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My Retired Mother Gets a Tattoo

At a recent family gathering, my 67-year-old mother announced she was going to get a tattoo. My father was appalled. He joked that it would resemble a giant liver spot.
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At a recent family gathering, as we were clearing the dinner dishes, my 67-year-old mother calmly announced that she was going to get a tattoo.

Now, my mother is hardly the biker type. She's a wholesome Talbot's-sweater-wearing Southerner, a former flight attendant from the days when airlines had strict weight and grooming requirements. After a tense silence, one of us -- it might have been me -- asked if she had a design in mind. My husband suggested a 'do not resuscitate' tattoo he had recently seen on a retiree's chest, but Mom did not find the humor in that. She told us she wanted a large black raven on her left wrist.

My father was appalled. He joked that it would resemble a giant liver spot. My two sisters and I -- all tattoo-free -- loudly backed him. Desperately, we tried scaring her with tales of dirty needles and rampant hepatitis. I said that tattoos have been called 'permanent bell bottoms.' She wouldn't budge. She just wanted to adorn her body with a little art, she said. A raven would make her happy. Period.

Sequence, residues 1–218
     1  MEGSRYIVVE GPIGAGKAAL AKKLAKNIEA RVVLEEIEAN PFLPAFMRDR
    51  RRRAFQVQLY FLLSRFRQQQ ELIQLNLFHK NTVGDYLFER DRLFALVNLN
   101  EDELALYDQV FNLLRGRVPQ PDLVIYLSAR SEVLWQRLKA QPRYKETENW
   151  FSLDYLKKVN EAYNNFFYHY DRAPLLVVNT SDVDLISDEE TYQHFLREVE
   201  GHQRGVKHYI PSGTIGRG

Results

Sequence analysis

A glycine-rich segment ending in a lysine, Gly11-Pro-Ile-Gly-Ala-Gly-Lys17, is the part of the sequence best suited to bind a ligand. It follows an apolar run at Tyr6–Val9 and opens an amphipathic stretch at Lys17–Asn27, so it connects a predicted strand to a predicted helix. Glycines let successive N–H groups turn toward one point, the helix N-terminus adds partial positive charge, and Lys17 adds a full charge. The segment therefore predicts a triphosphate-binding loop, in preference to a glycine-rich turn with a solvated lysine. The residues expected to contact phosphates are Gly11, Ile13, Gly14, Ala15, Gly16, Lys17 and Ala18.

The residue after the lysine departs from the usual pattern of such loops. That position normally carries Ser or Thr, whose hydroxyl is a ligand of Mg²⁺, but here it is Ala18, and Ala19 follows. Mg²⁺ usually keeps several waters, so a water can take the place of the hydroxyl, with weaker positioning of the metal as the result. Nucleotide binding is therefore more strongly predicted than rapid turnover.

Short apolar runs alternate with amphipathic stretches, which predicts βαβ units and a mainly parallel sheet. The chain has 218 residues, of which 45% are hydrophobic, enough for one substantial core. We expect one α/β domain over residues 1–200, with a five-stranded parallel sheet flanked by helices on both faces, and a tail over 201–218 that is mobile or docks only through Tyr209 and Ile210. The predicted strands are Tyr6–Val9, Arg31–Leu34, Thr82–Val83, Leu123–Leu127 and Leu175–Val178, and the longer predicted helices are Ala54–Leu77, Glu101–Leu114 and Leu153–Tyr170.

So I told her to at least let me choose the artist. As I researched, I found that getting inked is not as taboo as it once was -- even among grandparents. Over a third of Americans between 18 and 25 now have a tattoo, and the number of first-timers 50 and over is growing. To meet the demand, a fledgling chain called Tattoo Nation is opening outposts in a number of suburban malls, where older customers will feel more comfortable. A couple of tattoo artists I talked to said that inscriptions of grandchildren's names were gaining in popularity among retirees, as well as the faces of deceased spouses.

But Mom wanted a raven, so a few months ago, my parents and I went to Shotsie's Tattoo in Wayne, New Jersey, where a guy wearing a dog collar called the Ink Shrink gave my mother her wish. I was extremely uncomfortable, not just because we were easily the least hip people to ever visit the place, but because I was in the advanced stages of my first pregnancy.

But my mother was serene. And so I stood by helplessly as someone I loved did something I thought was reckless and foolish. I had tried to talk her out of it, but she didn't listen for a minute, even though I was convinced that I knew best.

As I watched the raven slowly come to life on her wrist, it occurred to me that my mother had given me an indelible preview of parenthood.

Jancee Dunn is the author of the recent essay collection Why Is My Mother Getting A Tattoo? And Other Questions I Wish I Never Had To Ask.